The Columbia panel concluded that the future of Egypt after Mr. Mubarak’s departure is anyone’s guess. But Mona El Ghobashy, a political science professor at Barnard College who frequently comments on the country, sounded a note of caution.
“There’s a danger in parliamentary elections,” she said. “The way forward is fragmentation.”
Queens limousine driver Fathy Ahmed, who has two children still living in Egypt, can only hope the opposition stands against the endemic corruption he saw for the past 30 years.
“I hope we choose good people,” he said simply.
Bloomberg News contributed to this article.
Many NYC Egyptian-American firms ‘paralyzed’
One reason: All eyes here are on TV news there. No flights for NYC tour companies. Suez port backups and empty Cairo factories hit Fifth Avenue rug sellers and Garment District customers.
By Benjamin J. Spencer and Jeremy Smerd
The uprising in Egypt has captivated the world.
Published: February 4, 2011 – 3:51 pm
The news is inescapable in Astoria, Queens. A peek into the Egyptian Coffee Shop on Steinway Street on 25th Avenue Thursday revealed several local business owners seated at small tables and completely absorbed, eyes glued to the television as events more than 9,000 miles away unfolded on the screen.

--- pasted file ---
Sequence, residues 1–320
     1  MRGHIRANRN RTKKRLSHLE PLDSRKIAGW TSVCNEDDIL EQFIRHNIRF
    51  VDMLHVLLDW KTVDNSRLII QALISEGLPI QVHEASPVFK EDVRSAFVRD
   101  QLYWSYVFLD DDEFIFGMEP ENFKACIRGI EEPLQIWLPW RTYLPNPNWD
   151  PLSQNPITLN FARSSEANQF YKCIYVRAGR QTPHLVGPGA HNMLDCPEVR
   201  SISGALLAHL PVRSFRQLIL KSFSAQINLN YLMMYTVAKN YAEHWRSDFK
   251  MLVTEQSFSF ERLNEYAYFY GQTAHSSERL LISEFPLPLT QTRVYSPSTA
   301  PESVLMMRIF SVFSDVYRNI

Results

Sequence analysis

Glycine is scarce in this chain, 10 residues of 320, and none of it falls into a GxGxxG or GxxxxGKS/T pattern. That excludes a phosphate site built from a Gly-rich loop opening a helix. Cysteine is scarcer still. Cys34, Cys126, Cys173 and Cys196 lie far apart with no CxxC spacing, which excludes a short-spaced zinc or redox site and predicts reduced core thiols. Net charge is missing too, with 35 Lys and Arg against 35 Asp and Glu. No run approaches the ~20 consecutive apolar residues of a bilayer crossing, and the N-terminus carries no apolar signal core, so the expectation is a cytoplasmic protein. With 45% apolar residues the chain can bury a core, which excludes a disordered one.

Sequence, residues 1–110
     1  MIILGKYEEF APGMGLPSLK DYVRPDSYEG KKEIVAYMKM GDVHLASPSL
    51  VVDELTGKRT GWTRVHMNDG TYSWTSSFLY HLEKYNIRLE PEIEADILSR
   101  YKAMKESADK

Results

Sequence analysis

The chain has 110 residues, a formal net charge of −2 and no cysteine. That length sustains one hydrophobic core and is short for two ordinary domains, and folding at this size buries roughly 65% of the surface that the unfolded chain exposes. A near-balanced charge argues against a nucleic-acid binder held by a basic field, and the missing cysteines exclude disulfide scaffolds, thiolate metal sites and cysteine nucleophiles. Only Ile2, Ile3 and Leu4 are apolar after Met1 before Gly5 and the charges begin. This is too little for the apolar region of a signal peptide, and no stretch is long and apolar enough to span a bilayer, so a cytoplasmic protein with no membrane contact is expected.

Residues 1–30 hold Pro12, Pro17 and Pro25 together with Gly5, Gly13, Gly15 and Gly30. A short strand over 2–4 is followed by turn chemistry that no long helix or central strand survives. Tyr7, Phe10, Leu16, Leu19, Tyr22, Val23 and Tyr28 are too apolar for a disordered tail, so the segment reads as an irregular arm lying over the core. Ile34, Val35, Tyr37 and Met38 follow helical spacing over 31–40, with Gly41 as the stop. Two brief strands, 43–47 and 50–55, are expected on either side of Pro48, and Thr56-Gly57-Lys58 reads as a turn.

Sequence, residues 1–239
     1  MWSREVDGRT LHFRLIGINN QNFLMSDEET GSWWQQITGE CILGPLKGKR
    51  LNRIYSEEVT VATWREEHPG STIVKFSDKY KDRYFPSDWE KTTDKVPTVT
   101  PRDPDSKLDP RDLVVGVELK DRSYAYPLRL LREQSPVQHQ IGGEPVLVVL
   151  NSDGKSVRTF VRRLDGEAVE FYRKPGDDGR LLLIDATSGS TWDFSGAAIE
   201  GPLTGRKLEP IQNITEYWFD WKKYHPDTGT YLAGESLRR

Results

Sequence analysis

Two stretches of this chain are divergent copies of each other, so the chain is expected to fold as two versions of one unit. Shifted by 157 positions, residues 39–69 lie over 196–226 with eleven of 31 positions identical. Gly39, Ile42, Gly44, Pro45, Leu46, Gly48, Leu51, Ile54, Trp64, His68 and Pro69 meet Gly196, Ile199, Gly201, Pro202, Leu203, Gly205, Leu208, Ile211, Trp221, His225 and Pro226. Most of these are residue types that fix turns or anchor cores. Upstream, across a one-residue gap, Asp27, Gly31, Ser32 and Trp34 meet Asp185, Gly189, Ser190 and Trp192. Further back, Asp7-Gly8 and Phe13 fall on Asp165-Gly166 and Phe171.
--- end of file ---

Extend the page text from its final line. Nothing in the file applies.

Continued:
“Egyptians are not that violent,” explained Ali Al Sayed, chef and owner of Kabab Cafe, which sits just across the street from the coffee shop. Mr. Al Sayed’s family lives in Alexandria. “Egyptians won’t move until they reach their limit.”
[Watch a video about Egypt’s ripples in Queens.]
Egyptian-Americans have crowded the cafes, barber shops and hookah bars of this close-knit community since the first rallies against Egyptian President Hosni Mubarak’s government began on Jan. 26. That’s left Mr. Al Sayed little time for running his own restaurant. Others on the block said much the same thing.
“It has had the effect of a World Cup,” said Rafit A. Harb, an attorney whose firm is on Steinway Street. “It has paralyzed some businesses.”